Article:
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The Vegas Golden Knights have the worst power play in the NHL. They’re 0-for-11 this year with the man advantage. And it’s been 28 attempts – dating back to last season – since Vegas found the back of the net on the power play.

It’s gotten progressively worse over time. During the 2020-21 season, the Golden Knights finished 22nd in the NHL with a 17.8 percent conversion rate on the power play. It dropped to 9.3% during the Stanley Cup Playoffs that same year – worst among the 16 teams that competed in the postseason. 

Vegas hasn’t scored a power play goal in well over four months. The last time they converted with the man advantage was June 4, 2021 against the Colorado Avalanche in Game 6 of the Stanley Cup Second Round. And to make matters worse, the Golden Knights are without key offensive weapons.

Mark Stone and Max Pacioretty are on injured reserve. Alec Martinez is out of the lineup. Nolan Patrick missed Sunday’s game against the Islanders with an upper-body injury. And Alex Tuch probably won’t be available until sometime in 2022.

Lack of power-play production cost the Golden Knights in last season’s playoff series against the Montreal Canadiens. And it’s a big reason why the team has started the 2021-22 campaign with a 1-4-0 record. Teams simply cannot expect to win games with a futile power play.

Even with Stone and Pacioretty out of the lineup, the Golden Knights have players capable of scoring. ‘The Misfits Line’ of Jonathan Marchessault, William Karlsson and Reilly Smith have combined for 56 regular-season power play tallies since the Golden Knights’ inception in 2017.

Defenseman Shea Theodore has racked up 49 points on the power play as a Golden Knight. Alex Pietrangelo spent almost a decade with the St. Louis Blues patrolling the blue line with the man advantage.

So what’s wrong in Vegas?

More than anything, I don’t think the Golden Knights are moving the puck fast enough with players in motion. The key to scoring on the power play is creating lanes and presenting trade-offs for the defense. Making them decide who to cover and who to leave open.

Right now, that’s not Vegas. The Golden Knights are predictable. They’re deliberate. And they’re not using the flanks as effectively as other NHL teams.

From a goaltender’s perspective, it always made me nervous when I didn’t know where the shot was going to come from. It would happen when I played against the Capitals: I knew Alex Ovechkin was the primary trigger man. But I also had to worry about John Carlson drilling a one-timer by my ear with TJ Oshie standing in front. That’s without even mentioning how silky of a passer Nicklas Backstrom is.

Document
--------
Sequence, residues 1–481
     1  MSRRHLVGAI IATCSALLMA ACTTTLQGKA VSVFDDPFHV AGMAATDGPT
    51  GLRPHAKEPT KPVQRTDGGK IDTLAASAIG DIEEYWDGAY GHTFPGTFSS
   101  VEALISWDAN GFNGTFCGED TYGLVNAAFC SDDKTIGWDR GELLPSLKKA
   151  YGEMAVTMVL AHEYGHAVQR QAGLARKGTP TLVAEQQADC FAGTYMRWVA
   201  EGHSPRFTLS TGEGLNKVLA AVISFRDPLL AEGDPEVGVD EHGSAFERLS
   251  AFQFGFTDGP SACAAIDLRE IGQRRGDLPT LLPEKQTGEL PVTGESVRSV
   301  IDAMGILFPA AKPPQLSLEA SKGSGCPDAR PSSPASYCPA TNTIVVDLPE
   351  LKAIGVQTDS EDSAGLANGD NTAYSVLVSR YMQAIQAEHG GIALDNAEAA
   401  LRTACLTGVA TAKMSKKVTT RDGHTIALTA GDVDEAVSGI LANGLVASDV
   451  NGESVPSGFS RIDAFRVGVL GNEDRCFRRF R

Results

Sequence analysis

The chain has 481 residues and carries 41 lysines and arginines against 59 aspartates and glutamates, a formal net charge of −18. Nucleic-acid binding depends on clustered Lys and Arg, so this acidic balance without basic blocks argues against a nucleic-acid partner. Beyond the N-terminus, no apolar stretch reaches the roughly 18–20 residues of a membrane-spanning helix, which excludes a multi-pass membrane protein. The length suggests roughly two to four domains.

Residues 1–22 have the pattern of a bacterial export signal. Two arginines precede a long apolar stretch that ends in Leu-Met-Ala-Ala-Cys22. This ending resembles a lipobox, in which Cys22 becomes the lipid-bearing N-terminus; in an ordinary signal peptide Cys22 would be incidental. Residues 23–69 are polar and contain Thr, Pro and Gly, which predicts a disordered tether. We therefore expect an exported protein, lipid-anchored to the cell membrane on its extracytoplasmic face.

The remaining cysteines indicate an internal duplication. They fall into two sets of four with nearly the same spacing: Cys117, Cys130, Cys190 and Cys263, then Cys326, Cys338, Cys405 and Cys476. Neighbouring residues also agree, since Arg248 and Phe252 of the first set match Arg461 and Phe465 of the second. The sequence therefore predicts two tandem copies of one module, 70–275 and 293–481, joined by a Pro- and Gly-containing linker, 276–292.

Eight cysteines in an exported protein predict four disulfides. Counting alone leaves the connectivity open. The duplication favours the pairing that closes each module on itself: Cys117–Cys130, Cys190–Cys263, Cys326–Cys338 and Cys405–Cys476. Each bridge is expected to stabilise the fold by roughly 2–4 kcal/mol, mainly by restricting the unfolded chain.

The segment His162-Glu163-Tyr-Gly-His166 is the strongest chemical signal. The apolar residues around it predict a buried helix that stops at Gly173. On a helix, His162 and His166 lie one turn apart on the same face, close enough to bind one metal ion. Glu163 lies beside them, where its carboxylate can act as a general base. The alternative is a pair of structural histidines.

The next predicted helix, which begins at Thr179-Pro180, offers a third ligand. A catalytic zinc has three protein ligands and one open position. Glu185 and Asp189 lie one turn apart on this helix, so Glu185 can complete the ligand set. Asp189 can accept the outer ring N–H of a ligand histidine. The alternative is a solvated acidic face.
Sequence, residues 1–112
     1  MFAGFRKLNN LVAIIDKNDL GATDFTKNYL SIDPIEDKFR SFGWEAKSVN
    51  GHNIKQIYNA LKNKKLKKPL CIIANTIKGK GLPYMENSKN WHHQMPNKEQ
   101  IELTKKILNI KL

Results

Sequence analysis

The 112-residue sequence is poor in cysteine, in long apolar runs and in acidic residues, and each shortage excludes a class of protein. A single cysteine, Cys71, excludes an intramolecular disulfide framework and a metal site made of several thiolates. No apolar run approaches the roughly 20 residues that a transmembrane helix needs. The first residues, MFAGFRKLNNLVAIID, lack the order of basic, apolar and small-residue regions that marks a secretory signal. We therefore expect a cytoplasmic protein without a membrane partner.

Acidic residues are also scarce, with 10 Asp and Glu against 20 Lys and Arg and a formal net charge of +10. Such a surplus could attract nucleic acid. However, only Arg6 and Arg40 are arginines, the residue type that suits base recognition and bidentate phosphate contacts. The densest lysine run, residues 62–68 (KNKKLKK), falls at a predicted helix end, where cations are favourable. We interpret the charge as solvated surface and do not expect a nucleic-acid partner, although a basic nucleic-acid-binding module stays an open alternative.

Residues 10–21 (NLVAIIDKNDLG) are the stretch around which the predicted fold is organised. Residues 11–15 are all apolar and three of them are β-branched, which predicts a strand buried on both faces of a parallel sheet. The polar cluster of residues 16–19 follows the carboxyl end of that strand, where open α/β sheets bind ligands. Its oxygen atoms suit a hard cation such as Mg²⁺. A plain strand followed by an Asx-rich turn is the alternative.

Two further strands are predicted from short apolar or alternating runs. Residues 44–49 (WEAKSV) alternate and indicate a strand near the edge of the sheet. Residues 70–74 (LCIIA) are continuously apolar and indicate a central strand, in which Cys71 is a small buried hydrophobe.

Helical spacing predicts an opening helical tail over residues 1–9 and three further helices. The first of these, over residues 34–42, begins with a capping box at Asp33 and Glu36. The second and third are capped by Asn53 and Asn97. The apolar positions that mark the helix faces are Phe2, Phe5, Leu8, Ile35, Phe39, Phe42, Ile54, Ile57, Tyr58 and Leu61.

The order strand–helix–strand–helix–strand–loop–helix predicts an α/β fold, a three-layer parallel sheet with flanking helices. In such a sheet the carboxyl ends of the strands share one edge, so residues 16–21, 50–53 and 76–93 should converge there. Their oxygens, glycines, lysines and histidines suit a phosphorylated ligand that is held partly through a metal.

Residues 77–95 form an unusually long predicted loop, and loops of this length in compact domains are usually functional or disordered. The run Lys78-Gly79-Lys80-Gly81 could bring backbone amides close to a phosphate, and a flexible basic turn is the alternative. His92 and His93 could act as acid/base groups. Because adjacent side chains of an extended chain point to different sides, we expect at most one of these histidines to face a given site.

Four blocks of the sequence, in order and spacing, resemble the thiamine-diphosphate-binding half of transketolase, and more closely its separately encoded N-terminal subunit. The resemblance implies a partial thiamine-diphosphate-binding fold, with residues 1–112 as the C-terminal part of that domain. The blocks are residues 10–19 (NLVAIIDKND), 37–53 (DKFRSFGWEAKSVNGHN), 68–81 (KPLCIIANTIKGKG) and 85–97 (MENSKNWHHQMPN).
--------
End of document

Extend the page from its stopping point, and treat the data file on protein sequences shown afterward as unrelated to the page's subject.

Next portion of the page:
The Golden Knights may not have an elite puck distributor like Backstrom, but they do have shot options. Jonathan Marchessault can hammer the puck. So can Alex Pietrangelo and Shea Theodore. Evgenii Dadonov was brought in to shoot. And shoot often.

So far this season Dadonov has two shots on the power play, both coming from well outside. Below is a chart of where all 20 of his power-play goals have come from dating back to the 2017-18 season.

All stats, graphics and videos from instatsport.com

Dadonov is able to score multiple ways on the power play. He’s dangerous on the rush and can tip point shots. He can bury quick passing plays. But the Golden Knights have yet to find a way to get him the puck in the slot area. He needs to be unlocked.

One player that has been able to find middle ice is Jonathan Marchessault. But he’s not hitting the net. Every “x” on the image below represents a shot going wide.

Marchessault has missed the net five times from the stationary high slot area. That can’t happen. He’s been successful there previously tipping pucks and corralling loose rebounds. But the positioning is an interesting choice for Marchessault. 

I’d argue Marchessault is most effective on the flanks. Look at his goal map since coming to the Golden Knights.

When playing the left side, he can bomb the one-timer.

On the right side, Marchessault excels when his skates are going downhill towards the net. He’s got a quick release and is able to use defenders as a screen, like this example against the Ottawa Senators.

Skating at the net, receiving the puck in motion: that’s missing from the Vegas power play right now, especially with Max Pacioretty out of the lineup. He can beat a goalie clean with his snapshot. And he’s great on the flank.

Teams around the league are using the strategy. I recently wrote about how the Senators – in particular Connor Brown – are finding success by skating downhill.

It’s something Alex Pietrangelo has done well previously in his career with the St. Louis Blues.

At times Pietrangelo has been active on the power play with the Golden Knights, moving up and down the walls and attacking the net when necessary. But so far this season he only has two power-play shots on goal with the man advantage.

It’s not just Dadonov, Marchessault and Pietrangelo that need to get going. William Karlsson has been virtually non-existent on the power play and Chandler Stephenson hasn’t been much better.

The bright spot for the Golden Knights has been Reilly Smith. He leads the team with five power-play shots and several of them have been high danger chances in front of the net.

It doesn’t matter what it looks like: the Golden Knights need a power-play goal. And to get it done, they need to snap the puck around with bodies in motion. Find lanes. Skate towards the net. And blast away from the flanks.

The post McKenna: What’s Wrong With The Vegas Golden Knights’ Power Play? appeared first on Daily Faceoff.


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